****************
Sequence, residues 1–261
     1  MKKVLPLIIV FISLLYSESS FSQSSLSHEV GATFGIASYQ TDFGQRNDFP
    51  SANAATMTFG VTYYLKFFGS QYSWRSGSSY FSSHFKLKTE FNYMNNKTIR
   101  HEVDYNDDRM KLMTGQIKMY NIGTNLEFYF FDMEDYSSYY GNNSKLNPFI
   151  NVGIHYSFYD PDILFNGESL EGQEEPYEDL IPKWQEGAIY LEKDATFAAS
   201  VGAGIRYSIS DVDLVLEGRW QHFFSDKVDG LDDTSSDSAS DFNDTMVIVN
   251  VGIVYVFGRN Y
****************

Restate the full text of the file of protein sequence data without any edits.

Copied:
Sequence, residues 1–261
     1  MKKVLPLIIV FISLLYSESS FSQSSLSHEV GATFGIASYQ TDFGQRNDFP
    51  SANAATMTFG VTYYLKFFGS QYSWRSGSSY FSSHFKLKTE FNYMNNKTIR
   101  HEVDYNDDRM KLMTGQIKMY NIGTNLEFYF FDMEDYSSYY GNNSKLNPFI
   151  NVGIHYSFYD PDILFNGESL EGQEEPYEDL IPKWQEGAIY LEKDATFAAS
   201  VGAGIRYSIS DVDLVLEGRW QHFFSDKVDG LDDTSSDSAS DFNDTMVIVN
   251  VGIVYVFGRN Y